Our next trip to the city will likely be a Walmart and Canadian Tire trip. I only got 2 bags of cat food, which won’t last long, but I didn’t want to overload my mother’s car. We’ll need at least 8 big bags, total (unfortunately, the cats don’t want to eat the larger bags of cheap stuff from the feed store) for the month. More, if I can only find the 9kg or less sized bags in stock. We also need to get more stove pellets for the litter boxes. Those come in 40 pound bags, but I think if I spread them out in the back of the car, it should be okay to get a couple of those, plus a couple of bags of cat food at the same time.

The price of beef is absolutely insane. I was looking to order another freezer pack from our local ranch supplier anyways. I’d hoped to find some good sales to supplement but, nope. The “sale” prices are still too rich for our budget! The only beef I got today were the stir fry beef that were part of a sale in the first store we went to.

On top of all this, I put $25 gas in the tank, which almost filled it, and by the time we got home, the fuel gauge was lower than when we filled!

On the way home, I asked my daughter about what she hoped to do here at the farm; things to build, fix, grow, whatever. She is very interested in having to buy as little as possible which, in the future, would include things like making shoes and weaving cloth. She wants fiber animals (goats or alpaca), but would also like to grow flax to make linen. For the space we would have available to grow flax, it would take a few years of accumulating the fibers, but then, it’ll take a few years to buy or build a spinning wheel and loom (her drop spindle won’t quite cut it!). I also have some heritage wheat seeds that I want to grow, just to collect more seeds, for future use. We would be converting parts of the outer yard into small fields for stuff like this – which requires significant clean up, first!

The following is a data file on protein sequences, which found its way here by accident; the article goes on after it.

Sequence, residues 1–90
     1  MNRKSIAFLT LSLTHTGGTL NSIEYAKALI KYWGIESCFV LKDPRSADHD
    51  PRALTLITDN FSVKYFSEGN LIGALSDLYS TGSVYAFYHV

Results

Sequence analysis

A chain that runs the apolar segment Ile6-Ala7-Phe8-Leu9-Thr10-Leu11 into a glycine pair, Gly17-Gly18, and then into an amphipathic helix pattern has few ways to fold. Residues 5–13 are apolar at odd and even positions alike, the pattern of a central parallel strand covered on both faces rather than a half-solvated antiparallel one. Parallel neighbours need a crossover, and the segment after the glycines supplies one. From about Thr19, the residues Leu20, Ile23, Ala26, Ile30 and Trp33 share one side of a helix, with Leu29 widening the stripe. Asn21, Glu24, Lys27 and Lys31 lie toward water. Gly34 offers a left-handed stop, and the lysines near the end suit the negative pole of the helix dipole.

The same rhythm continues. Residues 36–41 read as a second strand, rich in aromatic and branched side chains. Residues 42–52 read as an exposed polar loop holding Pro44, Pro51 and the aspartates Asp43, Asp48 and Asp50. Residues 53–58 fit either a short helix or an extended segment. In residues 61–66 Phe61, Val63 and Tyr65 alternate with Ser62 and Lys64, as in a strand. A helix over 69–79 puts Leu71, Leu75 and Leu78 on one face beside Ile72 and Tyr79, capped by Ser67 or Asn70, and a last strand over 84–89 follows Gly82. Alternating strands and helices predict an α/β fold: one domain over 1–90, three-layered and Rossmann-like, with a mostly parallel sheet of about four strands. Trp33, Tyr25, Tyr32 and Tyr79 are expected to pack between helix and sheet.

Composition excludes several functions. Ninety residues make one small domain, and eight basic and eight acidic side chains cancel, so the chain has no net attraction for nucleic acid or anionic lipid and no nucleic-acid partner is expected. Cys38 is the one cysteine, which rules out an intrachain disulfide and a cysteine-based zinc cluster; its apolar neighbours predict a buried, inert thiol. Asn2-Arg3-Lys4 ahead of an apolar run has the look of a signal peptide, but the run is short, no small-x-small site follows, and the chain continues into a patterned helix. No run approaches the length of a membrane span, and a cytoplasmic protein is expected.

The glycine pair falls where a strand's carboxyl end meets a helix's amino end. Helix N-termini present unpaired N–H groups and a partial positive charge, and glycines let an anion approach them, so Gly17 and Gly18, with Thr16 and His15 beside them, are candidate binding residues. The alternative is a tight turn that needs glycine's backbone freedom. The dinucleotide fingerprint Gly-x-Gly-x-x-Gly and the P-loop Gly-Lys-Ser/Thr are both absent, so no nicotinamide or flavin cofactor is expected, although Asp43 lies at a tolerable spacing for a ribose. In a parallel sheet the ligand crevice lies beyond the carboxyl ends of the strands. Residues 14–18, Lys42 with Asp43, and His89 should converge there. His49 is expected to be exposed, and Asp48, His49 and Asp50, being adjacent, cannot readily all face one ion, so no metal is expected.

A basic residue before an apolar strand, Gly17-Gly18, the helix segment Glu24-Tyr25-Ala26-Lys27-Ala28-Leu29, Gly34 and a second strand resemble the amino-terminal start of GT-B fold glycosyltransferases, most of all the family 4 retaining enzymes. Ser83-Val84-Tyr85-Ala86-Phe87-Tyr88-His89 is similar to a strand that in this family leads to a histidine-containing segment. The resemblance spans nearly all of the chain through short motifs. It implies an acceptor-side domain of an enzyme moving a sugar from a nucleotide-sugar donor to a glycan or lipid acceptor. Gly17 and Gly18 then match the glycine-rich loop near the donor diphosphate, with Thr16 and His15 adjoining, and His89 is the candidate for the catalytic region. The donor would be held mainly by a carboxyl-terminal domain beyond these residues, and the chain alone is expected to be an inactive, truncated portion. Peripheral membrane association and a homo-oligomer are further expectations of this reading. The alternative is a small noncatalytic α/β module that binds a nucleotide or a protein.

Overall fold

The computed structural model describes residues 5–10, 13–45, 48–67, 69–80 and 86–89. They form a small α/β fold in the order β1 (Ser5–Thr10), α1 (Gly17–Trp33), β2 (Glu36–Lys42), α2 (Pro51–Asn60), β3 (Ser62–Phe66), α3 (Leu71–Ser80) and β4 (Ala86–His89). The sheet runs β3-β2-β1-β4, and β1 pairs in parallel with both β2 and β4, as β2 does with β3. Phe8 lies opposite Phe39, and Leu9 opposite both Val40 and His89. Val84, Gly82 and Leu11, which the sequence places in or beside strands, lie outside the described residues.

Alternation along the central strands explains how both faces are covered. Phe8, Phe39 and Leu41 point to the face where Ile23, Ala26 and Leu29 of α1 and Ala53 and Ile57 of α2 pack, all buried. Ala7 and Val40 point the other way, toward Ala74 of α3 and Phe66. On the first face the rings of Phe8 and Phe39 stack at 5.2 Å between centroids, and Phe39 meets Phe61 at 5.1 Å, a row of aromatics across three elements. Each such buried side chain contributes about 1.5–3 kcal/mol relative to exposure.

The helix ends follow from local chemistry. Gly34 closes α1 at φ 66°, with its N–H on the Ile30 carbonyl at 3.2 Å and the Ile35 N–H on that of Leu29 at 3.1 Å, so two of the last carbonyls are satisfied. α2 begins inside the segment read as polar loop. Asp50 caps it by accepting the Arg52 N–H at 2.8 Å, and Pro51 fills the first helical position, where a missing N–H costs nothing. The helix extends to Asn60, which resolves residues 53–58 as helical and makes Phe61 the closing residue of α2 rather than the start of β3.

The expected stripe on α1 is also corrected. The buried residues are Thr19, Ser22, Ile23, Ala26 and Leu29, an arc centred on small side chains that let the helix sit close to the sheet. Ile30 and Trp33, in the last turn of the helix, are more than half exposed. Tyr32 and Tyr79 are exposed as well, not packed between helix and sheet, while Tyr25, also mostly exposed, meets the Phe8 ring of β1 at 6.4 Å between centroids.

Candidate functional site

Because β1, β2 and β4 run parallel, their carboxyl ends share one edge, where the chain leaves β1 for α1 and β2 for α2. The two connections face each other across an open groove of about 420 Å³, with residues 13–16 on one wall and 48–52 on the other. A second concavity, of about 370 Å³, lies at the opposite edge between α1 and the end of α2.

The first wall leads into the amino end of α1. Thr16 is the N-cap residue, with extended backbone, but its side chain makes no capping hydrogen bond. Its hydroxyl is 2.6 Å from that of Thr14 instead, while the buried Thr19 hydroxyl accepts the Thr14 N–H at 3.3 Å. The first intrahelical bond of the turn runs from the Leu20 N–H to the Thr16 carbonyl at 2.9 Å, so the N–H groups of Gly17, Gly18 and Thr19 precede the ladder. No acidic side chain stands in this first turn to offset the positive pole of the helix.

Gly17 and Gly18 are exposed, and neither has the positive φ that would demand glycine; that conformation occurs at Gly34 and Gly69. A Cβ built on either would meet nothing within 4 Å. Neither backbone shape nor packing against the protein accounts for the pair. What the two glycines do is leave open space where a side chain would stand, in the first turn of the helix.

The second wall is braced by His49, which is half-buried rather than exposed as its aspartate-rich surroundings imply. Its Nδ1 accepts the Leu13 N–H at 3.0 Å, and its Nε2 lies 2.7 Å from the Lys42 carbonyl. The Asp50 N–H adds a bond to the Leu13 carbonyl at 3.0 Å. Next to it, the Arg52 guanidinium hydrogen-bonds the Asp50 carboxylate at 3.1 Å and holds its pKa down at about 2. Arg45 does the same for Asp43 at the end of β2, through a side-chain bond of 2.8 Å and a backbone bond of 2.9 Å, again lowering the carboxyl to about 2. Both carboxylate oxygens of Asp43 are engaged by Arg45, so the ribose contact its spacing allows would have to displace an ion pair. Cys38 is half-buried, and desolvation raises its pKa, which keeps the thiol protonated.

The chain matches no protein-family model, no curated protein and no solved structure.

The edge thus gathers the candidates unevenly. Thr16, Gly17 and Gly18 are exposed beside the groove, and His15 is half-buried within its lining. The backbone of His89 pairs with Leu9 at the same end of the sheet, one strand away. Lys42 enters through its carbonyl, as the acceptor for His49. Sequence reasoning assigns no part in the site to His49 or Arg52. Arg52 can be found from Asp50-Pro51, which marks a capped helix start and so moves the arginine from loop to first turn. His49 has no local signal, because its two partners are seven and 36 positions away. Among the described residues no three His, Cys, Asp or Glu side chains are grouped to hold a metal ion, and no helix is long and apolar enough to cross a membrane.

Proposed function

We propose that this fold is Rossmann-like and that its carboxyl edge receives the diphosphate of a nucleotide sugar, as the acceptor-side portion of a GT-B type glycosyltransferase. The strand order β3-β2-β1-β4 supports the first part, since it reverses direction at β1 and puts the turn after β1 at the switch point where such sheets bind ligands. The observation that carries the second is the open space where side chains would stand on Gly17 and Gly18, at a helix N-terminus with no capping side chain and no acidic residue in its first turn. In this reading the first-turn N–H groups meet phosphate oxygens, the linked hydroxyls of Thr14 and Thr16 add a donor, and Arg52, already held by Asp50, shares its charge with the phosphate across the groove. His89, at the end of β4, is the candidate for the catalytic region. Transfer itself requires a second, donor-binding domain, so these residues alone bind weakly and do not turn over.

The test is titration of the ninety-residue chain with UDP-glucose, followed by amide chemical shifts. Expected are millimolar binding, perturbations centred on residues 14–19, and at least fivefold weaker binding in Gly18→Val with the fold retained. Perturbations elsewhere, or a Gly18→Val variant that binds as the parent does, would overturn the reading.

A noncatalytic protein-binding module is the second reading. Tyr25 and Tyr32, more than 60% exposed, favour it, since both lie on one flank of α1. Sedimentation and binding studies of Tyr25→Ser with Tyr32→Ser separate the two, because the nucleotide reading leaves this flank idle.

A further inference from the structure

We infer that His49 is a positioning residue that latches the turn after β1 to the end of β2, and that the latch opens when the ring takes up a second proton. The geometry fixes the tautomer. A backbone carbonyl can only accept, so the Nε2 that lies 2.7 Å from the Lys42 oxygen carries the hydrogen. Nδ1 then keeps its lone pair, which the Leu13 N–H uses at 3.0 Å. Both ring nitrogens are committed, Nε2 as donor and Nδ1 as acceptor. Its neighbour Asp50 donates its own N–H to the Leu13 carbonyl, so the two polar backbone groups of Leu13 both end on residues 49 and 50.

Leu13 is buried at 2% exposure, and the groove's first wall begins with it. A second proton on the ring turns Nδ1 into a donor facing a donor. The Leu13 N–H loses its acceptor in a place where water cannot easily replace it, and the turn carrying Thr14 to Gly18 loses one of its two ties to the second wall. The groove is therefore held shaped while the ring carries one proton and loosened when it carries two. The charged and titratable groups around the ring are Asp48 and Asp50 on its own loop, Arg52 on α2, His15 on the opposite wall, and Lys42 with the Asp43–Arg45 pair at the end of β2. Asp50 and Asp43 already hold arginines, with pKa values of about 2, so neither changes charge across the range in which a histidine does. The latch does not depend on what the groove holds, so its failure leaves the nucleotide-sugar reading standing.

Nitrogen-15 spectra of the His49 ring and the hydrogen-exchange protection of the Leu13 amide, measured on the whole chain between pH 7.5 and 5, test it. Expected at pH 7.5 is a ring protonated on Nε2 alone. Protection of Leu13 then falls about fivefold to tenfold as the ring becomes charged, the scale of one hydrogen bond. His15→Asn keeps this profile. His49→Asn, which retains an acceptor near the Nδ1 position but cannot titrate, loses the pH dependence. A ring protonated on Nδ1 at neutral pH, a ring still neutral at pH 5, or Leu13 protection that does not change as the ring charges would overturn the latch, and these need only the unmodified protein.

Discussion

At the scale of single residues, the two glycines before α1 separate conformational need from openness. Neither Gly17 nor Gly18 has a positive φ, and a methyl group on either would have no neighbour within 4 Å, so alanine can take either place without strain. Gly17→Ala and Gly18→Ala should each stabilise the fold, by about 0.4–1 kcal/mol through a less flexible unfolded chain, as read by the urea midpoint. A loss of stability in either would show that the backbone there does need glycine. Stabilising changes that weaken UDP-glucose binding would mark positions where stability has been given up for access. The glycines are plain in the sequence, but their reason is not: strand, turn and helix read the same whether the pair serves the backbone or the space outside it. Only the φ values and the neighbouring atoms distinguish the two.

As for leather, once we get to the point of hunting deer, she would be interested in tanning the hides. My husband has been doing some leatherworking and has lots of tools, but the leather itself is so expensive, he hasn’t been doing anywhere near as much as he would like.

We also talked about building more smaller sheds. Most of the outbuildings here are falling apart. We’ve got way too many things crammed into one side of the garage, and that space would make a great workshop. Plus, the garage itself needs a lot of repairs. If we have someplace else to safely store this stuff, that’ll make it easier to do the repairs it needs. Right now, the only space we could use is the barn, and it’s already got so much stuff in it, much of which is probably junk, simply because of how long it’s been sitting there. Plus, the barn isn’t exactly in good shape, either. I certainly would never use it for animals again, without a lot more repairs than we are able to do ourselves.

We also talked about fixing the pump shack; the concrete floor is breaking up and the wooden walls are rotting away, but the frame is still sound, and it has a solid metal roof. It’s also possible that the only thing we need to get the old well going again is to replace the leathers in the pump. After all this time, they would need to be replaced anyhow. We just have to find out what size we need and find where to get them from. If it still doesn’t work right after that, then we would call a well company.

Of course, we want to grow as much food as possible. With the way things are going, food prices are not going to be going down again for a long time, if at all. The value of our dollar is dropping too much.